Would Elected Officials Really Oppose Internet Freedom?
What elected official would stake out a position opposing a declaration of Internet freedom?
Several House Democrats, it turns out. This week, minority members of the House Energy and Commerce Committee raised objections to a Republican bill that would codify in law the United States' opposition to government control of the Internet.
Democrats claim that giving a broad policy statement the force of law could disrupt domestic and international governance of the Internet, including the Federal Communications Commission's controversial 'Net Neutrality rules that are under review before a federal court.
The bill revives language included in resolutions that passed the House and Senate last year--unanimously--ahead of a United Nations conference expressing opposition to efforts by some countries to shift global Internet governance to the U.N.'s International Telecommunications Union and exert tighter controls over the flow of online content.
The concern at the time was that the World Conference on International Telecommunications held in December in Dubai could become a vehicle for countries like China, Russia and Iran to censor politically objectionable content and target dissidents.
But that resounding demonstration of bipartisanship dissolved this week amid GOP efforts to write that "sense of the Congress" statement into law.
"There are significant differences between resolutions and laws," said California's Henry Waxman, the ranking Democrat on the committee. "One of my concerns is that this policy statement is actually a backdoor attempt to undermine the FCC's open Internet rules, and hamstring the commission's ability to manage the IP transition."
At the end of a pair of business meetings this week, the Energy and Commerce Committee's communications and technology subcommittee approved the Internet freedom bill, sending it along to the full Energy and Commerce Committee.
Democrats acceded to reporting the measure by a voice vote after securing assurances from Republican leaders on the panel that they would work in good faith to address concerns about the scope of the bill.
"Nothing will be off the table. Nothing," said subcommittee Chairman Greg Walden (R-Ore.).
Sending a 'No Internet Censorship' Message
Walden reiterated the GOP's position that the bill is only about sending a message to the global community, particularly nations with a track record of Internet censorship, that positions the United States as a strong defender of online freedom and reaffirming its commitment to the current, decentralized global framework for Internet governance.
With its strictly international focus, the bill should have no bearing on the activities of the FCC, according to Walden. That includes the 'Net Neutrality rules that are widely reviled among Republican lawmakers.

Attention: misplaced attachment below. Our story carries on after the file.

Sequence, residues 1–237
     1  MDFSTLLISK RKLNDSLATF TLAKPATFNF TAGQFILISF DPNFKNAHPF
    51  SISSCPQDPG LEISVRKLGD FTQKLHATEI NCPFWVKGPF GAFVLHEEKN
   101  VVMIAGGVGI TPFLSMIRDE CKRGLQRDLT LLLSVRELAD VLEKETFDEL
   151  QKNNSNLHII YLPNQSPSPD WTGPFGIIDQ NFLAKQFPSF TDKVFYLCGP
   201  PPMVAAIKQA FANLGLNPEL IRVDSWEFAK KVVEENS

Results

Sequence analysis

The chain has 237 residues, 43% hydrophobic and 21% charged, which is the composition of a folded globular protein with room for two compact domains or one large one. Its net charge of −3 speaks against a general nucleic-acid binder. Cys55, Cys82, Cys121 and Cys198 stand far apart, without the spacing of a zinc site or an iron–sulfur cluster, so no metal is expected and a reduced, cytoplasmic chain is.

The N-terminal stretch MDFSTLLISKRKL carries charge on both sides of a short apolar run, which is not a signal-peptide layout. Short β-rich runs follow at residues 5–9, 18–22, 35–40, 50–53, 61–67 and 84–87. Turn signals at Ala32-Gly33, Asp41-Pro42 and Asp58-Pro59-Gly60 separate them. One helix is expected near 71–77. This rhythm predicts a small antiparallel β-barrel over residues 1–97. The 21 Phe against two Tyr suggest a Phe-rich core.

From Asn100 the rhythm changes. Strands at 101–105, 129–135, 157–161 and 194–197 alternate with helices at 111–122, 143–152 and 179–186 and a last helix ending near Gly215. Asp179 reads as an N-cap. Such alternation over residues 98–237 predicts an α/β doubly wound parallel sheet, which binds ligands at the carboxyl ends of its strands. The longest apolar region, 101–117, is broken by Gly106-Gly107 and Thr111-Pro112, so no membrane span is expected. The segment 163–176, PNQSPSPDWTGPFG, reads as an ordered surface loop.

"From our point of view, this legislation does not require the FCC to strike its 'Net Neutrality regulations," Walden said. "This legislation neither requires nor authorizes the FCC to take any action with respect to 'Net Neutrality or any other regulations."
The operative language in the Internet governance bill reported by the subcommittee reads:
"It is the policy of the United States to promote a global Internet free from government control and to preserve and advance the successful multi-stakeholder model that governs the Internet."
What's Net Neutrality Got to Do With It?
House Democrats imagine that those seemingly innocuous words could provide a legal foothold for litigants seeking to overturn the FCC's order, or challenge any other government actions concerning the Internet.
But 'Net Neutrality is the most immediate issue, with Verizon's challenge to the FCC's 2010 order pending before the U.S. Court of Appeals for the D.C. Circuit, which has previously overturned an action the commission took to rebuke Comcast for slowing certain content on its network.
The court is expected to hear oral arguments in the Verizon case later this year, and Democrats worry that the language in the bill about keeping the "Internet free from government control" could find its way into the arguments presented by the plaintiffs.
Democrats warned that the impact could be felt beyond the FCC, claiming that in talks with that agency and the departments of state, justice and commerce, officials had warned that the Internet governance bill could impede diplomatic efforts, ongoing litigation and other administration activities.
Moreover, the emphasis on removing government control could give ammunition to critics of ICANN around the world, who have complained about the close ties between the Internet governance body and the United States, according to California's Anna Eshoo, the ranking Democrat on the subcommittee.
"I don't think there's any reason for this--we're making a mess that doesn't need to be made," Eshoo said. "I don't think it's the path we should go down. It's not in the best interest of our country. There are unintended consequences."
Republicans counter that codifying into law on a strong, bipartisan basis last year's resolution, which only narrowly focused on the WCIT conference, is a needed step to give permanence to the U.S. position opposing Internet censorship and repression.
"Such threats unfortunately continue to grow. That's why we're taking the language from last year ... and converting it from a sense of the Congress about a specific treaty negotiation to a general statement of U.S. policy," said Energy and Commerce Committee Chairman Fred Upton (Mich.). "If we really meant what we said last year, there's no reason not to enshrine it into law."